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Rotary fixture to accommodate wide range of parts

GiroDyno

Aluminum
Joined
Apr 19, 2021
Location
PNW
This idea was brought up in another thread but I think makes more sense to have its own discussion.

Here's some background on the current process:
These parts are cast iron rotors. They get turned in a few ops on VTLs, then front/back milling on a mag chuck in a VMC, and a perimeter engraving on one of those obnoxious pneumatic machines. In the VMC we load one part right side up and one upside down so every cycle get one finished part.
The front/back surfaces get grooves, the ID flange gets the lobed profile and we add slotted holes. There is no cutting of the OD.
Tolerance on the holes is -0/+.002" otherwise +/-.005". These parts need to be held very flat, the grooves make it very obvious (visually) if a part was milled at any sort of angle. I added a probe routing (thanks to some help from the other discussion!) to verify parts are loaded flat that runs on each part.
We have a range of ODs from 10.787 to 16.142" and thickness from .748 to 1.417".
They get a logo, part and batch number engraved on the perimeter that is maybe 3" long.
We machine specific parts #s in batches of 10-50, these are just based on customer orders so its more or less random how many/what parts are getting made. On an average day we probably switch between 5 different sizes and do 100 total parts.

Someone suggested skipping the mag chuck and loading parts into a rotary fixture and getting two complete parts every cycle. There are a couple other benefits like chip clearance and we could do the engraving so I'd really like to make this work.

I made a rough mock up to verify parts and tools would clear the machine, but now I'm stuck with how we actually would hold the parts. The face grooves go from the ID to OD, the range of diameters is large, and flatness is important.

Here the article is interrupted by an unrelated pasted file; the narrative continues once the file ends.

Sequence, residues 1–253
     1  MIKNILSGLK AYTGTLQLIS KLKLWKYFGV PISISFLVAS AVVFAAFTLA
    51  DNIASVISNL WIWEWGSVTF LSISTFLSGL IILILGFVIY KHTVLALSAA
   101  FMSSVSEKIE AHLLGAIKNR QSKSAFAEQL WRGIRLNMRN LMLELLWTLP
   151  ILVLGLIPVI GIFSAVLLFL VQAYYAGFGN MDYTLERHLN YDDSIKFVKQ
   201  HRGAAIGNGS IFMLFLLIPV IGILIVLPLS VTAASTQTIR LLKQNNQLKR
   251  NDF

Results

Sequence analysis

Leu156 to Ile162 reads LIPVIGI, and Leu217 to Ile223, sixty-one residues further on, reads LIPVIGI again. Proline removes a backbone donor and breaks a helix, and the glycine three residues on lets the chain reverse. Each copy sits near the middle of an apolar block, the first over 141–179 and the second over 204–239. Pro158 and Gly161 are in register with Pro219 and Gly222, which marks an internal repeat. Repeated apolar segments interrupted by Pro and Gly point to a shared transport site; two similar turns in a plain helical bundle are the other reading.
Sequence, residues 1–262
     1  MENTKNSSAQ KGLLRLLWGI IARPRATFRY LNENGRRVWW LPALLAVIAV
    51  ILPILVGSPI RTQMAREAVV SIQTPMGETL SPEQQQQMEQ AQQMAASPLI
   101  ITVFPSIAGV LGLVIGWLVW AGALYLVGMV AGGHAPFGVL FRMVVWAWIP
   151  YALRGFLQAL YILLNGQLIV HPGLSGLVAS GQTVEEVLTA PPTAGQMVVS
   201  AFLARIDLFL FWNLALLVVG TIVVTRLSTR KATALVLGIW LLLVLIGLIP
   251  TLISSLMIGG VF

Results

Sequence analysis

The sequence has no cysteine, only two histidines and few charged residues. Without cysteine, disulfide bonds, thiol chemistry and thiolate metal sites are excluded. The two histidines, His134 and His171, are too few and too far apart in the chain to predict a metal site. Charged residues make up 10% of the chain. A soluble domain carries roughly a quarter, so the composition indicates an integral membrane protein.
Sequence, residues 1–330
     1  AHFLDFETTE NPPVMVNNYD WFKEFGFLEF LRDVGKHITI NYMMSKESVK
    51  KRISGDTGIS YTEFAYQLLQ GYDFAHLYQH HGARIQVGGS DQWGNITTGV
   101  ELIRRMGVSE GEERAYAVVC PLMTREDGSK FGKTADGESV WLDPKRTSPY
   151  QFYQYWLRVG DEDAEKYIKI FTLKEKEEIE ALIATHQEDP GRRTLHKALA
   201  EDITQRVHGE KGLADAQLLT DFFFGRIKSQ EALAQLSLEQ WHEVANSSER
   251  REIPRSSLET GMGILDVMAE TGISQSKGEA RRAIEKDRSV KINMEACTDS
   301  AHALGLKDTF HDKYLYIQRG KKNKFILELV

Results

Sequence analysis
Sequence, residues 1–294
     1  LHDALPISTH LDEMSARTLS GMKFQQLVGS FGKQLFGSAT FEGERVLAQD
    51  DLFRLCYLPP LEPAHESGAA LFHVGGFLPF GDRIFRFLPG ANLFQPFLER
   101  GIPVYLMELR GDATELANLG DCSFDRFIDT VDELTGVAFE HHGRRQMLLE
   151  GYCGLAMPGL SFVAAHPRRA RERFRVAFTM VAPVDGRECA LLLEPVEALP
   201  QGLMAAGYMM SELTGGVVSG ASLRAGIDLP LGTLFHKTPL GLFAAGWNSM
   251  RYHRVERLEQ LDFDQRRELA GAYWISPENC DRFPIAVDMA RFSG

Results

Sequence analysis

My first thought was to cut a wide V to constrain X/Y, a narrow lip for Z, and an opposing clamp to lock it all into place. However the lip must be very narrow to avoid the face grooves, and the max stroke for a clamp would be 5.5" so holding parts level seems tricky.
Then I thought about adding toggle/swing clamps to hold it down onto the lip, but because of the 4.5" span of contact along the edges these clamps would need to be adjustable which adds a setup complication...
Maybe we have a drop-in insert specific to a smaller specific range of sizes with its own clamps? Or...?

BASIC_LAYOUT.jpg
DETAIL_LAYOUT.jpg
SECTION_LAYOUT.jpg

I've been looking at this for a bit now and feel stuck, another set of eyes might be able to see an obvious solution. I'm hoping some creative people out these can help me figure this out!
 
Last edited:

Mtndew

Diamond
Joined
Jun 7, 2012
Location
Michigan
I would skip doing 2 at a time and make a solid plate where you can put a part on one side and another underneath.
This would make your fixture shorter and a lot stronger, and then you could make different mounting attachments for each size that would bolt/dowel to your fixture plate.
 

GiroDyno

Aluminum
Joined
Apr 19, 2021
Location
PNW
I would skip doing 2 at a time and make a solid plate where you can put a part on one side and another underneath.
This would make your fixture shorter and a lot stronger, and then you could make different mounting attachments for each size that would bolt/dowel to your fixture plate.

At first glance that fixture looks flexible / flimsy to me. I'd be concerned about deflection.

Clamping to a plate or a rotary is pretty much what we do, without a rotary, but then we could do the engraving which I like. But I'm not sure if replacing a relatively simple offline process with a more complicated integrated setup is worth the effort.